Believe me, I am hardly suggesting she goes out to buy gladiator sandals, platform booties, or those disgustingly aggressive, hookerish platform sandals that are not only all over the runways, but all over on the streets. Not only do I find them ugly, unflattering and distasteful, but they look uncomfortable, unwieldy, and belong on the ‘street’ if you know what I mean. I don’t get them at all. What I’m proposing are gorgeous, elegant, chic, and feminine shoes with a little verve, spirit and personality (a T-strap, a D’Orsay pump, a Chanel cap toe, something with a ribbon bow across the vamp, a mod buckle, a flower decoration, or something in a pale metallic or strong color), which would put the exclamation point and finishing touch on the First Lady’s wardrobe. Mrs. Obama seems to favor shoes from J. Crew where, if you click onto www.jcrew.com, you will find a number of interesting and distinctive sandals and pumps in a variety of heel heights from flat to high. Of course, there’s always the masters, like Manolo Blahnik, Christian Louboutin and Roger Vivier, whose inspirational footwear is available the world over, and whose flat and low heeled shoes are as distinctive as their towering heels. One need not sacrifice style for comfort.

But hey, this is just my opinion, it is all subjective. Besides, nobody gets it right all the time. Even seasoned fashion pros like Anna Wintour and Carine Roitfeld stumble now and then (and how!). Don’t forget, Diana Vreeland once said, “Bad taste is better than no taste”. At least she’s an apt pupil and is obviously having fun with fashion. When is the last time we saw that in the White House? Let’s give her a hand for daring to break the mold and for presenting herself in a way that is such a glorious and welcome departure from First Ladies of the past, whose often ill-fitting, stereotypical wardrobes may have borne well-known design labels, but they were completely bland, unflattering, predictable, and forgettable.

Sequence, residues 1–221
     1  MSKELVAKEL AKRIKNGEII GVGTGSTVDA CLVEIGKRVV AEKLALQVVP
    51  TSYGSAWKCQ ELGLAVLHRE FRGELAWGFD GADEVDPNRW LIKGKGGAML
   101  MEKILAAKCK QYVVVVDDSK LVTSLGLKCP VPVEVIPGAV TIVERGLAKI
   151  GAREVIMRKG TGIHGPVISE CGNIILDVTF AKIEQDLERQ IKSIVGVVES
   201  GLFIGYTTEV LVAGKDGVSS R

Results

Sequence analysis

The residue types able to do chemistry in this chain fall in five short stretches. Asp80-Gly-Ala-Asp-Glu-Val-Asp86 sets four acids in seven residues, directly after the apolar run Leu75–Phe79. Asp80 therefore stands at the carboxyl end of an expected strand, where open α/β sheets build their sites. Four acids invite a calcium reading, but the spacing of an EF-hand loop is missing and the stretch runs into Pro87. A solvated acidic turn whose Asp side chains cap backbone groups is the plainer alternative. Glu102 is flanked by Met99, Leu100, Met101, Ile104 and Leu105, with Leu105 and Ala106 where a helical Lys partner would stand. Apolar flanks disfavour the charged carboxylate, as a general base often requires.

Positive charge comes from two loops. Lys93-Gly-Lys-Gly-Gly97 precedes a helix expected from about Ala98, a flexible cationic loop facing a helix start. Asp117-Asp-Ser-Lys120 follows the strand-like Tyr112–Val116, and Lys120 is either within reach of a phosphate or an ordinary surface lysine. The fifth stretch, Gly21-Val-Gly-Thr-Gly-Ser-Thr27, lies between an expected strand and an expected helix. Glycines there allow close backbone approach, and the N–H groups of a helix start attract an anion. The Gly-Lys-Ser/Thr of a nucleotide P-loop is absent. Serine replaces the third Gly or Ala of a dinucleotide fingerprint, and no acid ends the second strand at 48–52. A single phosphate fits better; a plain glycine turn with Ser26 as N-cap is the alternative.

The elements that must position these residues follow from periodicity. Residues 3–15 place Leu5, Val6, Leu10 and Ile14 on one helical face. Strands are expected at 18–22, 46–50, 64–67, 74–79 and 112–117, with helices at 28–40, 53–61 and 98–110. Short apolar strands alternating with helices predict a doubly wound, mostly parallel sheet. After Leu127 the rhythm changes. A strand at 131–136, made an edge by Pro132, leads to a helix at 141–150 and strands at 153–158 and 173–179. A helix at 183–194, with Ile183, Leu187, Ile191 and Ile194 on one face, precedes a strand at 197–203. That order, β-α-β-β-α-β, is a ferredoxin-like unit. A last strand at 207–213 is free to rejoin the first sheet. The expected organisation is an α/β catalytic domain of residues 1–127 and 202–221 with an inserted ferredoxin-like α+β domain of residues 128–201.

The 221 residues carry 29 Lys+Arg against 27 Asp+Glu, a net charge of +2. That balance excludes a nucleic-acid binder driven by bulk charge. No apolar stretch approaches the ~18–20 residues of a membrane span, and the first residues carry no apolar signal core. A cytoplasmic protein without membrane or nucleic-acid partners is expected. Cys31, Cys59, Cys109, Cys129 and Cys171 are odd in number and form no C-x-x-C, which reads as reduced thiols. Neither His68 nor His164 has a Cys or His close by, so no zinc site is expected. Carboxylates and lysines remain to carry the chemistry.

What is most appealing is that one never knows what to expect from Michelle; her choices are sure to surprise, and she is willing to think out of the box. And though Michelle Obama is not a fashion pro (the brilliant Harvard Law School grad has more important things to do than spend hours a day planning her wardrobe or thinking about what she will buy next...LOL), you wouldn’t know it from the roster of designers she chose (not just American, but French, Italian, Japanese) and the creative way she mixed it all up with the aplomb of a seasoned front row celebrity editor. Quite frankly, her 8 day photo op, looked as though it could have been styled for an editorial in Vogue or Harper’s Bazaar.

What I also found interesting about the outfits Mrs. Obama wore to accompany her husband to Europe, was that they were the furthest thing from boring, humdrum, obvious, and predictable. It’s all about bold choices, bold statements, and tweaking the classics for the First Lady. She is not cookie-cutter in any way and nothing about her (as well as her family and their new found world position) is ordinary or run of the mill, including her fashion persona. In addition, each and every one of the ensembles was modern, relevant, and-of-the-moment, yet classic and untrendy enough to not be off-putting. And they had obviously been painstakingly put together in order to perfectly coordinate with each event. While there was much variety in terms of style, silhouette, color, and pattern, everything was in complete harmony with the First Lady’s personal style, and appropriate for each specific occasion.

What could be more ‘schoolish’ than an argyle cardigan, which she wore when she visited the Elizabeth Garrett Anderson School in London? Aha. But there was nothing remotely banal or ordinary about the offbeat mismatched sky blue, maroon, navy, black, and white argyle cardigan designed by avante garde Japanese designer Junya Watanabe, (one sleeve was plaid one was solid, and half the front was plaid and half was solid), which she worn over a teal Jason Wu full skirted dress. And, when she visited Maggie’s Cancer Caring Centre, there was no way she would not put a smile on the faces of the young patients, in her sparkly cream cardigan and aqua pencil skirt by J. Crew.


Black dress by Azzedine Alaia